Seven horses have joined the exclusive £5 million club since we last published a list of the world’s leading money-earning horses back in March 2015, taking the number to have reached that landmark to 38.
The new list is here, and it is sure to receive a shake-up in the next few weeks with the inaugural running of the Pegasus World Cup at Gulfstream Park in Florida on January 28. That boasts a world record first prize of $7 million, which equates to over £5 million at the official British Horseracing Authority (BHA) 2017 exchange rate, so the winner will become a 39th member of the club provided he or she is not already a quintuple millionaire.
California Chrome is the only probable Pegasus runner already in the list. Currently the sixth leading money-winner in the history of the sport – over £3 million clear of Cigar as the winningest American horse of all time – victory at Gulfstream would catapult the unfashionably bred son of Lucky Pulpit well clear at the top of the global standings.
The Pegasus will be the 2014 Kentucky Derby hero’s final start before retirement.
Two more who could go higher in 2017
Another recent recruit to the stallion ranks is the Japanese star, Maurice, whose farewell victory in last month’s Hong Kong Cup took his earnings just past the £6 million mark, still less than two thirds of Chrome’s but comfortably enough for a position in the all-time top 20.
The only other Japanese new entry to a list that is dominated by horses from The Land Of The Rising Sun is the recent Japan Cup winner (and Arima Kinen runner-up on Sunday) Kitasan Black. And he remains in training, with both the Dubai Sheema Classic and Prix de l’Arc de Triomphe as potential 2017 targets so has the power to add to his already bulging coffers.
Highland Reel will also still be in action in the coming season, unlike his Aidan O’Brien-trained stablemate, Found, who became the first Irish horse to pass the £5 million mark with her third place in the Breeders’ Cup Turf on November 5.
That was her final outing before becoming a broodmare and was the only occasion in four meetings that she was defeated by Highland Reel, much thanks to a masterful front-running ride by Seamie Heffernan aboard her rival.
Britain not represented - yet
Five weeks on and Highland Reel’s runner-up finish in the Hong Kong Vase saw him overhaul Found to become Ireland’s leading earner – a title previously held by a third O’Brien charge, St Nicholas Abbey, who was forced into premature retirement in mid-2013 by what sadly turned out to be a fatal injury when less than £50,000 shy of £5 million.
There is yet to be a British member of the £5 million club. In similarly tragic circumstances to St Nicholas Abbey, Red Cadeaux got to within a mere £1,600 before he paid the ultimate price following a fracture sustained in the 2015 Melbourne Cup.
The most plausible pretender to the title of Britain’s richest Thoroughbred is Postponed, on target to defend his Dubai Sheema Classic crown in March 2017 and currently the winner of £4.47 million.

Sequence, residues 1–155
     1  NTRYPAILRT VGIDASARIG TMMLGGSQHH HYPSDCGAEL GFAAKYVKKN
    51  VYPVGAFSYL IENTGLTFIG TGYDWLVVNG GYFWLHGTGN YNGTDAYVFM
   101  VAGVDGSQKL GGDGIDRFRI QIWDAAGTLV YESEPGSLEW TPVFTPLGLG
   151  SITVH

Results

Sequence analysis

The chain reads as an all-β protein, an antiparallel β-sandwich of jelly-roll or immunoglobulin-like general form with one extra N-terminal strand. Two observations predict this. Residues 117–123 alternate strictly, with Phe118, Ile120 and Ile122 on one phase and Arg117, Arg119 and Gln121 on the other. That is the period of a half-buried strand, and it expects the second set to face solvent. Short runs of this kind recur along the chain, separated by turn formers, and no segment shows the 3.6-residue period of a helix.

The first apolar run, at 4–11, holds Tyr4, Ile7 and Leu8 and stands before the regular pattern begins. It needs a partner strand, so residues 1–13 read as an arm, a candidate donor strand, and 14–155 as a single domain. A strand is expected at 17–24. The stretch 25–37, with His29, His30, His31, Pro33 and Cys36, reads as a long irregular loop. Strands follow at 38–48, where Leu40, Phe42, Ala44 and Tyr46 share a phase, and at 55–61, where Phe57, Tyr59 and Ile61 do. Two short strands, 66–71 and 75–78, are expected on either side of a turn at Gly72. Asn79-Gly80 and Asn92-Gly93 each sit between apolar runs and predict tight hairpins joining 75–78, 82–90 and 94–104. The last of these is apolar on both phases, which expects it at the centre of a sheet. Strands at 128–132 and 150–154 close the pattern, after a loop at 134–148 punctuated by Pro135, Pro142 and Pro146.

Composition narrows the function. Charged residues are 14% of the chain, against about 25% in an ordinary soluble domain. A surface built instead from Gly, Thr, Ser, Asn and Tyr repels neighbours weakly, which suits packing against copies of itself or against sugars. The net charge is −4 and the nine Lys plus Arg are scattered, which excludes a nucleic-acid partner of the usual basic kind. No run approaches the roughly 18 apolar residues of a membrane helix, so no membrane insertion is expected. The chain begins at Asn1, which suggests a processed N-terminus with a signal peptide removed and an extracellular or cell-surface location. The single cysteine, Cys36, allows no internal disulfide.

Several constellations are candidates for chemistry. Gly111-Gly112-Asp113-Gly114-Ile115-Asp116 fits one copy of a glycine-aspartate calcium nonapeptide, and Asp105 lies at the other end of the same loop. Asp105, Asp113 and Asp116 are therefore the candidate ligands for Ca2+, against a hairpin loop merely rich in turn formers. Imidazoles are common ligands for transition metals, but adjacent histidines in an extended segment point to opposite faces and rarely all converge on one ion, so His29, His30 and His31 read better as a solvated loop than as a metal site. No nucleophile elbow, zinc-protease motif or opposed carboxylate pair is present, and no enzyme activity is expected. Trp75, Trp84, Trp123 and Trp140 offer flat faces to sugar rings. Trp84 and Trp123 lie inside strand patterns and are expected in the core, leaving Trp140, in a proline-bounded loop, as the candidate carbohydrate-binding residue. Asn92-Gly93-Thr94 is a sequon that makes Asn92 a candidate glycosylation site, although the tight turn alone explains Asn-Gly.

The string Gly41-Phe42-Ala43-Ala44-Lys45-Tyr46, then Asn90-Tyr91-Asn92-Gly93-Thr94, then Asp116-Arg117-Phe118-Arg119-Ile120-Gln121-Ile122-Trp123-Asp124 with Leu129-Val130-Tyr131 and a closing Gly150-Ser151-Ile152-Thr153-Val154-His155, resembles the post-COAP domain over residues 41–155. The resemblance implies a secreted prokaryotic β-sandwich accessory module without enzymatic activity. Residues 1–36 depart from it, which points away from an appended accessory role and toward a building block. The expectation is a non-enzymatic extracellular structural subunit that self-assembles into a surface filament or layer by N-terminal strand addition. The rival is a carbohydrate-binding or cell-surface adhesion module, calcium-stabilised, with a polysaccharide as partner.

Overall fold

Designs On Rome is one horse who has managed to sneak past £5 million. After spending his 2-year-old season in Ireland, the son of Holy Roman Emperor has been based in Hong Kong for the rest of a career that is still active but is on the wane at present – the 2014 Hong Kong Derby scorer has finished in the first three in just three of his last dozen starts.
The final new inductee to this ‘Earnings Hall Of Fame’ is, of course, the mighty American Pharoah. The first Triple Crown winner for 37 years, he notched up his £5,531,104 in just 11 career starts, and who is to say how much he might have earned if he had been allowed to race on for a third season – or if the Pegasus World Cup had been instigated a year earlier?
Watch out for Winx
The most obvious candidate to break the £5 million barrier in the next few months is the Aussie wondermare Winx. Her current bankroll is £4,719,725 so she hasn’t got far to go and should cross the threshold some time before she lines up for her main 2017 aim – her bid to join Kingston Town as a three-time Cox Plate winner, at Moonee Valley in October. Hopefully, before then she will be allowed to race outside her native Australia for the first time.
Finally, when analysing any list of global leading money-earners it must be remembered that much depends on what currency is used. The list is compiled by the International Racing Bureau, which is a British company, hence the use of sterling and the official overseas currency exchange rates issued by the BHA in the first week of every January.
If, for instance, US dollars are used, according to Equibase, Cigar’s career total of $9,999,815 left him over half a million short of Curlin’s $10,501,800. But, since Cigar raced at a time when one dollar would have got you about 67 pence, whereas Curlin’s era was when a dollar was the equivalent of only around 50 pence, Cigar is almost £1 million clear of his fellow countryman when sterling is used.
Click here to see the list we published in March 2015.
James Crispe is associate director of editorial at the International Racing Bureau